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  1. Abstract

    The theorems of density functional theory (DFT) establish bijective maps between the local external potential of a many-body system and its electron density, wavefunction and, therefore, one-particle reduced density matrix. Building on this foundation, we show that machine learning models based on the one-electron reduced density matrix can be used to generate surrogate electronic structure methods. We generate surrogates of local and hybrid DFT, Hartree-Fock and full configuration interaction theories for systems ranging from small molecules such as water to more complex compounds like benzene and propanol. The surrogate models use the one-electron reduced density matrix as the central quantity to be learned. From the predicted density matrices, we show that either standard quantum chemistry or a second machine-learning model can be used to compute molecular observables, energies, and atomic forces. The surrogate models can generate essentially anything that a standard electronic structure method can, ranging from band gaps and Kohn-Sham orbitals to energy-conserving ab-initio molecular dynamics simulations and infrared spectra, which account for anharmonicity and thermal effects, without the need to employ computationally expensive algorithms such as self-consistent field theory. The algorithms are packaged in an efficient and easy to use Python code, QMLearn, accessible on popular platforms.

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    Free, publicly-accessible full text available December 1, 2024
  2. For an electronic system, given a mean field method and a distribution of orbital occupation numbers that are close to the natural occupations of the correlated system, we provide formal evidence and computational support to the hypothesis that the entropy (or more precisely −σS, where σ is a parameter and S is the entropy) of such a distribution is a good approximation to the correlation energy. Underpinning the formal evidence are mild assumptions: the correlation energy is strictly a functional of the occupation numbers, and the occupation numbers derive from an invertible distribution. Computational support centers around employing different mean field methods and occupation number distributions (Fermi–Dirac, Gaussian, and linear), for which our claims are verified for a series of pilot calculations involving bond breaking and chemical reactions. This work establishes a formal footing for those methods employing entropy as a measure of electronic correlation energy (e.g., i-DMFT [Wang and Baerends, Phys. Rev. Lett. 128, 013001 (2022)] and TAO-DFT [J.-D. Chai, J. Chem. Phys. 136, 154104 (2012)]) and sets the stage for the widespread use of entropy functionals for approximating the (static) electronic correlation.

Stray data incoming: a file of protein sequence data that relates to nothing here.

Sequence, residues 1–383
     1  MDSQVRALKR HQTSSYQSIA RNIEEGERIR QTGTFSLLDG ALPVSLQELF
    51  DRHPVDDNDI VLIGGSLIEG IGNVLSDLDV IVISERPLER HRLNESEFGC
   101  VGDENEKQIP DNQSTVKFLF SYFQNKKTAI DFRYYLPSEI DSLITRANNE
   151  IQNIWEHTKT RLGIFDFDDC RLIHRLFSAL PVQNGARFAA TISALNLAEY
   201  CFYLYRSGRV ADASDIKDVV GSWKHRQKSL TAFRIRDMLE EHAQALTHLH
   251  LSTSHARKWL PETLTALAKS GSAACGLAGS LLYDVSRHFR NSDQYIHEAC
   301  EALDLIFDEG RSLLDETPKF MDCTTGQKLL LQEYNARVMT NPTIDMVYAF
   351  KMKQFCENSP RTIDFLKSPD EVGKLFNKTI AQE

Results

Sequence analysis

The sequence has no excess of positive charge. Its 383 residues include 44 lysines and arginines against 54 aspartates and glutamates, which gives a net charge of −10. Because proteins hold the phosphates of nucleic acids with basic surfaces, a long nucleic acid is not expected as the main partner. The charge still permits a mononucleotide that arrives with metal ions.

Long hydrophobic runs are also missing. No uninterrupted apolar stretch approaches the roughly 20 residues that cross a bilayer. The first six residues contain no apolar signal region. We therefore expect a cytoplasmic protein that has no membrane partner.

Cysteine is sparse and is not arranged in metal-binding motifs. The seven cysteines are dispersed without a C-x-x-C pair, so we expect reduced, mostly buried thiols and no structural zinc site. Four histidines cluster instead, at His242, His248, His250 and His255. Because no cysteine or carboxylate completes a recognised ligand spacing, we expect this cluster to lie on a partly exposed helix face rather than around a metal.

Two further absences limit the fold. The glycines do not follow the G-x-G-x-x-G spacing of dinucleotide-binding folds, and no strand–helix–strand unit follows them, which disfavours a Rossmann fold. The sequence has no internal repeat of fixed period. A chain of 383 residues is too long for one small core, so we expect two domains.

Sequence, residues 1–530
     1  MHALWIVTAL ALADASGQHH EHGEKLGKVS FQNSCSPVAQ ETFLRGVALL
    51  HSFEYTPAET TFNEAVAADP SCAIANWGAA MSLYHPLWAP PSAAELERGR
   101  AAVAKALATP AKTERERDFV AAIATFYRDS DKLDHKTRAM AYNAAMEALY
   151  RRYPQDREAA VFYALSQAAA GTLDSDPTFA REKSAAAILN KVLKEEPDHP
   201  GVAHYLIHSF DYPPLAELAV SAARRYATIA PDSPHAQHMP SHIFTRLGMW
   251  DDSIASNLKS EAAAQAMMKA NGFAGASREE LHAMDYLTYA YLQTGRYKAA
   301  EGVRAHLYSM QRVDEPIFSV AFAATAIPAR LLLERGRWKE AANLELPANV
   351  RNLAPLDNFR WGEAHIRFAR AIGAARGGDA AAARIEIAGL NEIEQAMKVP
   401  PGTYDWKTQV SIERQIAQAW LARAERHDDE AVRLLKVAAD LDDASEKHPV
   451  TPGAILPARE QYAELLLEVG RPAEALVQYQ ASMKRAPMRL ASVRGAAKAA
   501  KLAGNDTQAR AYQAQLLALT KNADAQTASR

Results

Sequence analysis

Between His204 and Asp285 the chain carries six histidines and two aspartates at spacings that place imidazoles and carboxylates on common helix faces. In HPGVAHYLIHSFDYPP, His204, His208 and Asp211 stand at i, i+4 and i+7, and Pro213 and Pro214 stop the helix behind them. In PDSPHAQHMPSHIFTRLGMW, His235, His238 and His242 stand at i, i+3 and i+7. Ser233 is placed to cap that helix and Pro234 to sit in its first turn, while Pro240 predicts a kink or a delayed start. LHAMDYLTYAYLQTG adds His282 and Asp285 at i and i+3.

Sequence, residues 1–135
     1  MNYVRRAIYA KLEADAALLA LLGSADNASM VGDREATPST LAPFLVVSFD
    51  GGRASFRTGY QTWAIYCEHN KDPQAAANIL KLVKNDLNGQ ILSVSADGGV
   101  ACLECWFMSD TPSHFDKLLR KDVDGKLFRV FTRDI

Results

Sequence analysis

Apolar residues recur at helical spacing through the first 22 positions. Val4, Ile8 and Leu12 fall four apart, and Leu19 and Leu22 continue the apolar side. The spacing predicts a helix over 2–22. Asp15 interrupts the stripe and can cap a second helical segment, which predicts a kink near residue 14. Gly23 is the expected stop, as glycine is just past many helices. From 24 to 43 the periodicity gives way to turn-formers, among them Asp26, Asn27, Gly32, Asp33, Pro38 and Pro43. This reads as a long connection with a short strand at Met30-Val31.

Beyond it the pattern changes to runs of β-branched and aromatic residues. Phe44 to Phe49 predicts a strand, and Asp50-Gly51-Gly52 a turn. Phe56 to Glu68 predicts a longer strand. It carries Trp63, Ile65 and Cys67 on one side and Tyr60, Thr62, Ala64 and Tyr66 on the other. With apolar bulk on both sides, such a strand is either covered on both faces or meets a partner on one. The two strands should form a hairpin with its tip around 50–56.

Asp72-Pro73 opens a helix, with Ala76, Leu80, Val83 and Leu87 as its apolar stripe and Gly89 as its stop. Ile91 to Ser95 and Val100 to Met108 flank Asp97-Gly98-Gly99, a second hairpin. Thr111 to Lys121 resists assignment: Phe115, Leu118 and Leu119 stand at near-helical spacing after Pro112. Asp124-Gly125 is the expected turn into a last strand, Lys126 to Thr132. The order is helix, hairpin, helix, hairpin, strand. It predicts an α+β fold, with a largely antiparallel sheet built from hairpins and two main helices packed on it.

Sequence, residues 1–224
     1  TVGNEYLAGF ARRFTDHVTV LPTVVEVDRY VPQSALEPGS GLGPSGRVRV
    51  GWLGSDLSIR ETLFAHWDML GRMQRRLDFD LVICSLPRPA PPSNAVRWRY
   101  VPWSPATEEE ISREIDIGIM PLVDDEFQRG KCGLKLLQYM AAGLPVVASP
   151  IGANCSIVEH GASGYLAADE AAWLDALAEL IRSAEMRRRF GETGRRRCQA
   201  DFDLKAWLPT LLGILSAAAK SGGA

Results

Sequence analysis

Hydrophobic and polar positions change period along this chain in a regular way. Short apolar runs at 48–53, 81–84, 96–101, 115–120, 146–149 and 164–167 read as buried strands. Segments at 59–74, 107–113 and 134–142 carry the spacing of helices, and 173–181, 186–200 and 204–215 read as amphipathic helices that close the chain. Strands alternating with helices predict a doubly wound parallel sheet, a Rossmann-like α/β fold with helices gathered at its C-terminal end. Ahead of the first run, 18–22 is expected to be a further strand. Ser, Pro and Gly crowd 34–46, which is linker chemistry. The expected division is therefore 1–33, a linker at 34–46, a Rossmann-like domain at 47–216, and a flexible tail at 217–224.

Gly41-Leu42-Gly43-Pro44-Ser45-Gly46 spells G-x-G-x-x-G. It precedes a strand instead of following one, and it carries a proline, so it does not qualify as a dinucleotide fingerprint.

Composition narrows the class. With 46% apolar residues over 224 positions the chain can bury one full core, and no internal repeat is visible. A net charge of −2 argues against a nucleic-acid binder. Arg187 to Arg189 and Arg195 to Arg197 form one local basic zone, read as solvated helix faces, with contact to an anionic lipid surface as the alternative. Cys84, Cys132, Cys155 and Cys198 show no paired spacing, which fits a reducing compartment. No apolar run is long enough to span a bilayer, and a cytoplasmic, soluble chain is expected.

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    Free, publicly-accessible full text available November 21, 2024
  3. Free, publicly-accessible full text available November 8, 2024
  4. Free, publicly-accessible full text available June 22, 2024
  5. Obtaining solutions to optimal transportation (OT) problems is typically intractable when marginal spaces are continuous. Recent research has focused on approximating continuous solutions with discretization methods based on i.i.d. sampling, and this has shown convergence as the sample size increases. However, obtaining OT solutions with large sample sizes requires intensive computation effort, which can be prohibitive in practice. In this paper, we propose an algorithm for calculating discretizations with a given number of weighted points for marginal distributions by minimizing the (entropy-regularized) Wasserstein distance and providing bounds on the performance. The results suggest that our plans are comparable to those obtained with much larger numbers of i.i.d. samples and are more efficient than existing alternatives. Moreover, we propose a local, parallelizable version of such discretizations for applications, which we demonstrate by approximating adorable images.